Walking through the woods, I can’t feel any air moving — not the bite of a stinging winter gust, nor the refreshment of a summer breeze. But suddenly, my ears awaken to the sound of the wind high in the tree tops, shaking the branches and twirling the leaves. That particular noise has always prompted me to notice, to stop walking, stand still and listen. It feels like a message, like the Spirit’s way of calling me to be alert, to sense the holiness of all things, to remember that God is ever at work in nature and in the human heart.
I’m a big believer in the Spirit, actually. I don’t mean that to sound like hocus pocus. Marcus Borg proposes in “Speaking Christian” that: “…the word God does not refer to a being separate from the universe, but to a sacred presence all around us – a reality that is more than the space-time world of matter and energy, even as it is also present everywhere and permeates everything in the space-time world.” (page 65) I think of the Spirit as a pulse of God flowing through events and relationships, never forcing its way in, but working in those situations in which people allow for its possibility and welcome its guidance. I see the Spirit as one who heals and makes whole, one who gives power to overcome barriers, one who nudges toward creative new ways to move ahead.
As I studied the scripture texts assigned for the season of Epiphany this year, I noticed that the Spirit is a major character. The Spirit is definitely everywhere in today’s Gospel lesson. John the Baptist proclaims that Jesus will baptize not only with water, but with the Holy Spirit and fire. And Jesus, according to John, is all about letting the wind do its work. He is like the farmer who throws the grain in the air with a winnowing fork and lets the air currents separate the chaff from the grain. That’s how the Spirit works: naturally, elegantly, with subtle yet incredible power. Finally, as Jesus prays after he is baptized, the Spirit descends on him in bodily form, like a dove.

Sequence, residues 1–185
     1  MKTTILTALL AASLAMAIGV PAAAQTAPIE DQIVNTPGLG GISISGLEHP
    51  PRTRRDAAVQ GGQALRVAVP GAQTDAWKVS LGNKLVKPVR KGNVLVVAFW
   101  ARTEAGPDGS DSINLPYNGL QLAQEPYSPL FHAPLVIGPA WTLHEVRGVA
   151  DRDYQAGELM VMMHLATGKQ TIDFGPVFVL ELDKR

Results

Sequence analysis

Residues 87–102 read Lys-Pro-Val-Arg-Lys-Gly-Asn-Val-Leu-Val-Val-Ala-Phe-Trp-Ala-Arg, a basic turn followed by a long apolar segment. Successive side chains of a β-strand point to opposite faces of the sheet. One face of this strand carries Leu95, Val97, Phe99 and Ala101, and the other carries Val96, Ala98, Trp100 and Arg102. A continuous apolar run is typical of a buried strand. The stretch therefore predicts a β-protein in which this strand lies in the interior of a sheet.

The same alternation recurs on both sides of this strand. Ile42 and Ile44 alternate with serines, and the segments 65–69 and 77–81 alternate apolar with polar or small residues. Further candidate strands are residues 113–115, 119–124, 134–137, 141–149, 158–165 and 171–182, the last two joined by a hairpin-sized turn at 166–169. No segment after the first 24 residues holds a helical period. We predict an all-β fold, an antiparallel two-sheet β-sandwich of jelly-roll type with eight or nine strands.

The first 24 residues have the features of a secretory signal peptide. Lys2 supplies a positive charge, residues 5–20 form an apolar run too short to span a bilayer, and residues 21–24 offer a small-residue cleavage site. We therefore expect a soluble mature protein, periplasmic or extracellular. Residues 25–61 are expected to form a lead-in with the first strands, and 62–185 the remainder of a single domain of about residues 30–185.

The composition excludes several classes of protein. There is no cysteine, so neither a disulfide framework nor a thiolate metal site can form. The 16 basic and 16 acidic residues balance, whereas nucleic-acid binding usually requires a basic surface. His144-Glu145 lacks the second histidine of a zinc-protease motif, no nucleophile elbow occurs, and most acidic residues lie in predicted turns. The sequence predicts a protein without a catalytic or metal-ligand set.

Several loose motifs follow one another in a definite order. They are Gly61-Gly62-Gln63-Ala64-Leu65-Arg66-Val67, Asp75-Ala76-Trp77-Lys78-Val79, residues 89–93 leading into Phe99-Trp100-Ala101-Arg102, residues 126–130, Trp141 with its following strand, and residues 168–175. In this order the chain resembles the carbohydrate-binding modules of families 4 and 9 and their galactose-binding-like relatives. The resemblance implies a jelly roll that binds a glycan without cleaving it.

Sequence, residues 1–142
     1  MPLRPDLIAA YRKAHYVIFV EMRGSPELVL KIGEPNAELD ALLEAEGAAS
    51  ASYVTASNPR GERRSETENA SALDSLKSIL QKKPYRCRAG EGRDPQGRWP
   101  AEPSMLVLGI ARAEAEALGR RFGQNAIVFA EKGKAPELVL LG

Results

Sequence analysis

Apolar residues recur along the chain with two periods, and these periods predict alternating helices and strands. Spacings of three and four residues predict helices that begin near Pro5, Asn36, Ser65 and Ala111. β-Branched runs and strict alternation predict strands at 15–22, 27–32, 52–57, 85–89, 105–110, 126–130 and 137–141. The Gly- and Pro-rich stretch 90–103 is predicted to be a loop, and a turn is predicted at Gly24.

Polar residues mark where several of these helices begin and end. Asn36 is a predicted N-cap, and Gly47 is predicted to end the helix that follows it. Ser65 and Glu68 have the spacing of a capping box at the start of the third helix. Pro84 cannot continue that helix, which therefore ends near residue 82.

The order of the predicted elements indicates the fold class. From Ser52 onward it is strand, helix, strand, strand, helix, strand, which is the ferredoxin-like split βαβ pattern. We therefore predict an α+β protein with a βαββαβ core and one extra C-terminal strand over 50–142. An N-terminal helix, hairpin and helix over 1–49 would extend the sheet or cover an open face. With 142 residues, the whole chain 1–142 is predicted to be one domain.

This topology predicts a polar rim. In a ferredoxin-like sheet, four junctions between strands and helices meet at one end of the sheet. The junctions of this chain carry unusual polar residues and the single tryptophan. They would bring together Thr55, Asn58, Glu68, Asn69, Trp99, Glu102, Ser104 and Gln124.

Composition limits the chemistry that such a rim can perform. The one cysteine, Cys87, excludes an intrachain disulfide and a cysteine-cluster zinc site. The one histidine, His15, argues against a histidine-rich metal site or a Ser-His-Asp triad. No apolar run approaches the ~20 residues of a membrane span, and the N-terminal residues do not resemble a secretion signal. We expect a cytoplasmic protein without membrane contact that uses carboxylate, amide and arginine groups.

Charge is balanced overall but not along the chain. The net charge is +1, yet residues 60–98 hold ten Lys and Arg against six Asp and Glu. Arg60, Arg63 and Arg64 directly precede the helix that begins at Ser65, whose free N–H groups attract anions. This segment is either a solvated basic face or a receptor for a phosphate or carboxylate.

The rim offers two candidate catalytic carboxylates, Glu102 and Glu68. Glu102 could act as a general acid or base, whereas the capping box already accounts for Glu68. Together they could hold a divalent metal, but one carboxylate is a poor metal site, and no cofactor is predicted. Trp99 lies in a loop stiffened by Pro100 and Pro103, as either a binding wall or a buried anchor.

I’ve been reading the novel The Healing, by Johnathan Odell, which is set on a slave plantation in the pre civil war South. It is the story of two women whose lives intertwine. Granada, or Yewande, as her mother named her, is a young slave girl. As an infant a few days old, she was stolen from her mother’s arms, re-named by the mistress of the plantation and raised in the master’s house. Polly is a faith healer who sees the gift of healing in Granada and claims her as an apprentice. Polly tells Granada that the work of healing is about remembering.
As Granada nears womanhood, she begins to dream powerful dreams. One night, she dreams that she is in the river. “As the water courses over me, my body, my flesh and bone, seem to dissolve and flow with the current, and I finally understand that there was never a part of me that was unknown. No part unclaimed. The rushing of my blood, the pulsing in my heart, every breath I take is reaching back to long before. I have been thirsty for the water, and the water has thirsted for me. I rise up from the river and the water rains down my face and breasts like gentle kisses. Polly takes me by the shoulders and faces me upstream.
We are not alone anymore. I am now looking into the glistening eyes of [my mother,] the woman from whom I have been running. Her face glows like a dark sun, her hair woven into intricate plaits. The woman called Ella reaches out to me and puts her hand on my breast. ‘They are touching you and you are touching them,’ Polly says. ‘The water never forgets. It never dies. It rushes and whirls from the very mouth of God. Women are things of the river, creatures poured out onto the earth.’ And then my gaze is drawn to another woman, who has risen from the river upstream from Ella. I know her to be Bessie, my grandmother. And behind her, Yewande, Bessie’s mother, the one out of Africa, whose name I bear.